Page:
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dc.contributor.authorColes, Emmaen_UK
dc.contributor.authorCheyne, Helenen_UK
dc.contributor.authorRankin, Jeanen_UK
dc.contributor.authorDaniel, Brigiden_UK
dc.description.abstractContext  Despite persistent health inequalities and intergenerational deprivation, the Scottish government aspires for Scotland to be the best country for children to grow up in. Getting It Right for Every Child (GIRFEC) is a landmark children's policy framework to improve children's well-being via early intervention, universal service provision, and multiagency coordination across organizational boundaries. Placing the child and family “at the center,” this approach marks a shift from welfare to well-being, yet there is still a general lack of consensus over how well-being is defined and measured. As an umbrella policy framework with broad reach, GIRFEC represents the current and future direction of children's/family policy in Scotland, yet large-scale practice change is required for successful implementation.  Methods  This article explores the origins and emergence of GIRFEC and presents a critical analysis of its incremental design, development, and implementation.  Findings  There is considerable scope for interpretation within the GIRFEC legislation and guidance, most notably around assessment of well-being and the role and remit of those charged with implementation. Tensions have arisen around issues such as professional roles; intrusion, data sharing, and confidentiality; and the balance between supporting well-being and protecting children. Despite the policy's intentions for integration, the service landscape for children and families still remains relatively fragmented.  Conclusions  Although the policy has groundbreaking potential, inherent tensions must be resolved and the processes of change carefully managed in order for GIRFEC to be effective. It remains to be seen whether GIRFEC can fulfil the Scottish government's aspirations to reduce inequalities and improve lifelong outcomes for Scotland's children and young people. In terms of both a national children's well-being framework within a universal public service context and a distinct style of policymaking and implementation, the Scottish experience represents a unique case study of whole-country, transformational change and is of relevance to other jurisdictions.en_UK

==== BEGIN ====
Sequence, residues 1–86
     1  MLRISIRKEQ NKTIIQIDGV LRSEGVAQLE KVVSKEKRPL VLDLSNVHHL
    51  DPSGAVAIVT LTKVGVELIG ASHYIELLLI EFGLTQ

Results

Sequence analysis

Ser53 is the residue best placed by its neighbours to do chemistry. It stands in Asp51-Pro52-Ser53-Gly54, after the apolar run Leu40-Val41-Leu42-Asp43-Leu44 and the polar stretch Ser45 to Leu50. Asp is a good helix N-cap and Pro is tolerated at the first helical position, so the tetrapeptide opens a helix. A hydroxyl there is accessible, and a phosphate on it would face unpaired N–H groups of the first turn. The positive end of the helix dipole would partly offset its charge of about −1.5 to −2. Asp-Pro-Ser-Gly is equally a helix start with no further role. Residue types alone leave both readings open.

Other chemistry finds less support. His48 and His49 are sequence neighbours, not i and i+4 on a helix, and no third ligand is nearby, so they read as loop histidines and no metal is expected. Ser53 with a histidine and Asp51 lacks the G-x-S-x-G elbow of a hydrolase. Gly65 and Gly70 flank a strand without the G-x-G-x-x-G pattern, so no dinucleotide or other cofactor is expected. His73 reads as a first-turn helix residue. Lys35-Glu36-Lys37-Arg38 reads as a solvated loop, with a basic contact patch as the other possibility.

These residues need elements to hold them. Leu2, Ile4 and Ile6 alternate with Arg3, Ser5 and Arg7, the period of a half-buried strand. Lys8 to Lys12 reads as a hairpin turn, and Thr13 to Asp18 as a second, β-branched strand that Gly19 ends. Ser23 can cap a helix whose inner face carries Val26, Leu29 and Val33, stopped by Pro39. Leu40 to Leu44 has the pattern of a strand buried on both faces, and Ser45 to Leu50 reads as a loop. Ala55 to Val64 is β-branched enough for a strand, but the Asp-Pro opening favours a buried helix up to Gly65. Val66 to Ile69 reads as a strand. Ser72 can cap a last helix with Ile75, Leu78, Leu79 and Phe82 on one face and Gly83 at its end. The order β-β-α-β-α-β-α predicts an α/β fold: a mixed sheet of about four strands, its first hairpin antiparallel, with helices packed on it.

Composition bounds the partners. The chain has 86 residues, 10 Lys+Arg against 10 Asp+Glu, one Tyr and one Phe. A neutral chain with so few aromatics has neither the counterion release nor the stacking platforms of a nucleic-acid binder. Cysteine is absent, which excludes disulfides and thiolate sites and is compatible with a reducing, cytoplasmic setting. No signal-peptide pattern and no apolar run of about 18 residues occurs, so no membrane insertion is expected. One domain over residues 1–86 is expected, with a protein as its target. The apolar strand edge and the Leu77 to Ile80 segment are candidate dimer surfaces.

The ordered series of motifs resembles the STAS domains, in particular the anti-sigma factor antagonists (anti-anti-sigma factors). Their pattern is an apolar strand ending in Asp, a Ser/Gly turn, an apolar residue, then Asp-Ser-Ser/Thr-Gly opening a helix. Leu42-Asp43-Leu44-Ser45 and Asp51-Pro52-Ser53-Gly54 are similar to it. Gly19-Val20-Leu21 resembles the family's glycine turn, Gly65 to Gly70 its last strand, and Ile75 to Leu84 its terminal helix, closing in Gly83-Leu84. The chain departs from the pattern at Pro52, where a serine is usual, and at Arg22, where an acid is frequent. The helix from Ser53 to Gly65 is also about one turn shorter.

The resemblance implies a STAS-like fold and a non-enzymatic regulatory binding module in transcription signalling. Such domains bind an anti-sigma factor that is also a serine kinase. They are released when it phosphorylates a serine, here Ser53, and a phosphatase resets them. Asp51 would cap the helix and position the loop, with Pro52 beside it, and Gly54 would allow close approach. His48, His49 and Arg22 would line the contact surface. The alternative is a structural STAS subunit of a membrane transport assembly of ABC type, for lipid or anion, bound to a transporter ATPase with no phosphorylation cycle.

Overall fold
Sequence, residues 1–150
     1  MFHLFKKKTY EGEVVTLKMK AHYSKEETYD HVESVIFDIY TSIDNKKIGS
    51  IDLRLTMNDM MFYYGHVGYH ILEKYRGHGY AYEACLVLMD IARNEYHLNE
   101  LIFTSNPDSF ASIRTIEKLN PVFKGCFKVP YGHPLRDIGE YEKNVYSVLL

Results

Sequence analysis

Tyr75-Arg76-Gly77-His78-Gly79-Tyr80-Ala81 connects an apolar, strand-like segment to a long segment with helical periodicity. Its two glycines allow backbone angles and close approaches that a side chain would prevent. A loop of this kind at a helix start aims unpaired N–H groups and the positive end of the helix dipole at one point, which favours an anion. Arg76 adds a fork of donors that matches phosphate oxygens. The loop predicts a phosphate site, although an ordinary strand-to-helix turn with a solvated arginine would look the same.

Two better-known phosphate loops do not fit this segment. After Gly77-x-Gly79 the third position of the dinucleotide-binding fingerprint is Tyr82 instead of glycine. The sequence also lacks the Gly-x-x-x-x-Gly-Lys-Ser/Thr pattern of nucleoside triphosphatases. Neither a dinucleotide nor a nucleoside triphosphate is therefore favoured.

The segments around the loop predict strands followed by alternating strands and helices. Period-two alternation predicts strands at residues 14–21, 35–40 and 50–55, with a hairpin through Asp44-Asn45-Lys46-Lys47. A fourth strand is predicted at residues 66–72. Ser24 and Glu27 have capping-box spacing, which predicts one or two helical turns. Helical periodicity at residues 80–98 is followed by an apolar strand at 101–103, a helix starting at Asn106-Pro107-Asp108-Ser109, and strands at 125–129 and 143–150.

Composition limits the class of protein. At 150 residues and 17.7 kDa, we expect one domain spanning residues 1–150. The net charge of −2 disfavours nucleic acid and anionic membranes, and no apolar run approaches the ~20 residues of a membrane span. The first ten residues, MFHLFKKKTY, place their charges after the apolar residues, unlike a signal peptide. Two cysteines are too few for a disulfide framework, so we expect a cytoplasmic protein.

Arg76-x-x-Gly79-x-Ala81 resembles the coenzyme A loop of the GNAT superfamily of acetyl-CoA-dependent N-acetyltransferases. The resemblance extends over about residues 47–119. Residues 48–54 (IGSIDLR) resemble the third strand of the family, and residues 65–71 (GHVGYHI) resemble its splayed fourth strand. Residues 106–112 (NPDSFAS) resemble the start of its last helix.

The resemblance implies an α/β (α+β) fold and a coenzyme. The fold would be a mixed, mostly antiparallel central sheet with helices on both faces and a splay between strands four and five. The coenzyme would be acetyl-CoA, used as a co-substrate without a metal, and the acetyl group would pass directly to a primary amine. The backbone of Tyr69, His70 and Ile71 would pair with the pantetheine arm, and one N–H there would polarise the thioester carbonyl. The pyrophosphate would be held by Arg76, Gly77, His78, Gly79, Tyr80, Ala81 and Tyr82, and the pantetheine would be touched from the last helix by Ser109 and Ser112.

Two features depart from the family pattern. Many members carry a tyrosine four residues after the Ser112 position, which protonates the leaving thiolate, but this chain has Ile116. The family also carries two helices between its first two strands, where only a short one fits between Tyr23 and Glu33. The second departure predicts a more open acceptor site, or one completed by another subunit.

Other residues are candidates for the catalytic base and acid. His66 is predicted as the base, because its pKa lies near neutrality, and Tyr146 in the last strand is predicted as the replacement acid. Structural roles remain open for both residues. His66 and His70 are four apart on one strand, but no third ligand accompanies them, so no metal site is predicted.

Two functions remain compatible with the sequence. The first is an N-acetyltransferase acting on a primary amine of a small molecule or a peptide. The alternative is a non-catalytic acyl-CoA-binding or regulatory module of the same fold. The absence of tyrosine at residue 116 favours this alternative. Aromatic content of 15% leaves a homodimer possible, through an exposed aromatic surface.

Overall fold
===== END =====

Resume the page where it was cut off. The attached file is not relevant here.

dc.publisherWiley-Blackwell for Milbank Memorial Funden_UK
dc.relationColes E, Cheyne H, Rankin J & Daniel B (2016) Getting It Right for Every Child: A National Policy Framework to Promote Children's Well-being in Scotland, United Kingdom. Milbank Quarterly, 94 (2), pp. 334-365.
dc.rightsThe publisher does not allow this work to be made publicly available in this Repository. Please use the Request a Copy feature at the foot of the Repository record to request a copy directly from the author. You can only request a copy if you wish to use this work for your own research or private study.en_UK
dc.subjectearly interventionen_UK
dc.subjectpolicy developmenten_UK
dc.subjectpolicy analysisen_UK
dc.titleGetting It Right for Every Child: A National Policy Framework to Promote Children's Well-being in Scotland, United Kingdomen_UK
dc.typeJournal Articleen_UK
dc.rights.embargoreason[milq12195.pdf] The publisher does not allow this work to be made publicly available in this Repository therefore there is an embargo on the full text of the work.en_UK
dc.citation.jtitleMilbank Quarterlyen_UK
dc.type.statusVoR - Version of Recorden_UK
dc.contributor.funderScottish Governmenten_UK
dc.contributor.affiliationUniversity of Paisleyen_UK
dc.contributor.affiliationSocial Worken_UK
dc.relation.funderprojectScottish National Midwifery Research Programmeen_UK
dc.relation.funderrefletter dated 24.10.2013 attacheden_UK
rioxxterms.apcnot requireden_UK
rioxxterms.typeJournal Article/Reviewen_UK
local.rioxx.authorColes, Emma|0000-0001-9828-9014en_UK
local.rioxx.authorCheyne, Helen|0000-0001-5738-8390en_UK
local.rioxx.authorRankin, Jean|en_UK
local.rioxx.authorDaniel, Brigid|en_UK
local.rioxx.projectletter dated 24.10.2013 attached|Scottish Government|
Appears in Collections:Faculty of Social Sciences Journal Articles

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